• Harvey Thorleifson, Chair
    Minnesota Geological Survey
  • Carrie Jennings, Vice Chair
    Minnesota Geological Survey
  • David Bush, Technical Program Chair
    University of West Georgia
  • Jim Miller, Field Trip Chair
    University of Minnesota Duluth
  • Curtis M. Hudak, Sponsorship Chair
    Foth Infrastructure & Environment, LLC


Paper No. 7
Presentation Time: 3:00 PM


YURCHYK, Stephanie, ExxonMobil, 396 West Greens Rd, Houston, TX 77067, ELRICK, Maya, Earth and Planetary Sciences, University of New Mexico, Albuquerque, NM 87131 and ATUDOREI, Nicu-Viorel, Earth and Planetary Sciences, Univ of New Mexico, Albuquerque, NM 87131,

The Early Triassic (~251-245 Ma) is conventionally interpreted to have a warm and ice-free climate. Samples were collected for oxygen isotopic analyses of conodont apatite from six globally distributed locations of Smithian age (northern & western Utah, southern Idaho, northern India, eastern British Columbia, and the Canadian Arctic) ranging from paleotropical to mid-paleolatitudes to better understand the Early Triassic climate. Conodont Alteration Index (CAI), a measure of post-burial thermal alteration based on color, was estimated for each of the locations listed above, and range from 1.5 to 5. In addition, SEM images were taken to identify potential physical alteration of the conodonts.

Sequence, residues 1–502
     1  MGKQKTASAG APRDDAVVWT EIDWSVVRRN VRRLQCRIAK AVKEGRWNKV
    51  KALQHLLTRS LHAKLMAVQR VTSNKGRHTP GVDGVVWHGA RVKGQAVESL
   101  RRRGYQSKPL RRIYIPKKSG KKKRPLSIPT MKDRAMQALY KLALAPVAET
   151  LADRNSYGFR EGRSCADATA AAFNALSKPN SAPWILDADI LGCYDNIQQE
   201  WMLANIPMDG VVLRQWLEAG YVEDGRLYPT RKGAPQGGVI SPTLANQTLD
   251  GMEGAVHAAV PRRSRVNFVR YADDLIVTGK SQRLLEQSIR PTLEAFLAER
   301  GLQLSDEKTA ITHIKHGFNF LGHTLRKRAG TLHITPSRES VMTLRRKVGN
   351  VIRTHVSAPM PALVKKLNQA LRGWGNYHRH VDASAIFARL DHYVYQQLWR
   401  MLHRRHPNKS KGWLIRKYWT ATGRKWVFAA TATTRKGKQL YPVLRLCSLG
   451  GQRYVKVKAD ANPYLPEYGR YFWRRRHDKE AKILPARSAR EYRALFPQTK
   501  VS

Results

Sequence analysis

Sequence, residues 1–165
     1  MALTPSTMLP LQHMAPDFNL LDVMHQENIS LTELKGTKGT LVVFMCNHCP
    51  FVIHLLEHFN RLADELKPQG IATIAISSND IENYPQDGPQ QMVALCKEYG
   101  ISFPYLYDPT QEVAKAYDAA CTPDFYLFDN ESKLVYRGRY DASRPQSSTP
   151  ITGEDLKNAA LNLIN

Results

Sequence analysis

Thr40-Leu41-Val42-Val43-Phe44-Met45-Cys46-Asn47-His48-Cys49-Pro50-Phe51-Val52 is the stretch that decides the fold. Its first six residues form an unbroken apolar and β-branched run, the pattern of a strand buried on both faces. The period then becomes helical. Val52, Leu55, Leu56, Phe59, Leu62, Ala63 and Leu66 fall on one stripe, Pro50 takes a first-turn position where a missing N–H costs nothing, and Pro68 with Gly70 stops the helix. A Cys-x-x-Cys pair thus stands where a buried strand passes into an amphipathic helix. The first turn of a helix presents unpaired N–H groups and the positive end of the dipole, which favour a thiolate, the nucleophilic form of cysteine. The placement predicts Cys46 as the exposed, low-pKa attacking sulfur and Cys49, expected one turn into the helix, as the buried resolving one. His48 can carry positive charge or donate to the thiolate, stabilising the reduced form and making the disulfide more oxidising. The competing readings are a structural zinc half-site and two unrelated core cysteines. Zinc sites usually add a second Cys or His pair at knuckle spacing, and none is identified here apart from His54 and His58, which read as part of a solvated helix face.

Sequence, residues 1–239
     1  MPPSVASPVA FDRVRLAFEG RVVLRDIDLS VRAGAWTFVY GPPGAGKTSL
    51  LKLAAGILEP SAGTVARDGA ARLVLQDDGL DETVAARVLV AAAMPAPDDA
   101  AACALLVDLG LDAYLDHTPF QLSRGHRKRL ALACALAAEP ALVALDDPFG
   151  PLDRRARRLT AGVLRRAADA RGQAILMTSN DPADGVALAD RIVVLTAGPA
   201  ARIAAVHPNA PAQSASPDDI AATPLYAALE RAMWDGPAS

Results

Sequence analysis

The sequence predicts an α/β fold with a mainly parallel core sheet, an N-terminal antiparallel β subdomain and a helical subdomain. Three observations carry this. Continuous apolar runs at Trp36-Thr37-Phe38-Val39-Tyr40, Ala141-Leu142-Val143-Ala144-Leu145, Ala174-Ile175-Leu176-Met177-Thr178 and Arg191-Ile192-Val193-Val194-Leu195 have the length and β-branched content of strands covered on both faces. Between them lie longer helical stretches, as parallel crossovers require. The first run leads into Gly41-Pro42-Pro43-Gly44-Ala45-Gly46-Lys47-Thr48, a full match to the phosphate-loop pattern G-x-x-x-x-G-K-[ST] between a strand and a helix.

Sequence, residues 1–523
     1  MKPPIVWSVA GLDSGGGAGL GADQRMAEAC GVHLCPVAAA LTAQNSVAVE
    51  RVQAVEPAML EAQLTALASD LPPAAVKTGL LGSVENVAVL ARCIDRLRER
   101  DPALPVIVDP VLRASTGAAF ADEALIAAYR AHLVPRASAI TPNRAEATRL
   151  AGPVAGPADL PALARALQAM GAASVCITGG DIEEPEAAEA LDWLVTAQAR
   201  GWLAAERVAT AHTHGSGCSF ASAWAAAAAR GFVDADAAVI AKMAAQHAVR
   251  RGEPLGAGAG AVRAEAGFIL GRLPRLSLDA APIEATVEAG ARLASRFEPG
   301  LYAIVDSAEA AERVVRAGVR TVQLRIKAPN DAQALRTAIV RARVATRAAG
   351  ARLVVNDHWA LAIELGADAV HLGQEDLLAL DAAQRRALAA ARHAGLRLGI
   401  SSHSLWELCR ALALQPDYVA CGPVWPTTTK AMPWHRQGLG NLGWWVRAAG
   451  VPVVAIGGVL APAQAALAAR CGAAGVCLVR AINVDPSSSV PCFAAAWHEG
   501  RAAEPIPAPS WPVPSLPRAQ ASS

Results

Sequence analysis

The Smithian δ18O values range from ~14.4 to 17.6 ‰. In general, samples with low CAI values and smooth, non-pitted surfaces record higher isotopic values, while those with higher CAI values, pitted and/or secondary surface precipitates have lower isotopic values. Assuming conodonts with CAI values of ≤ 3 record primary/near primary seawater values and ice-free conditions, sea-surface temperatures from ~35 to 38 °C for the paleo-tropical and ~32 to 34 °C for the paleo-subtropical regions (Kolodny et al., 1983). These values indicate that the Smithian ocean was significantly warmer than the present oceans and were likely similar to the extreme greenhouse sea-surface temperatures calculated for mid- to late Cretaceous times.

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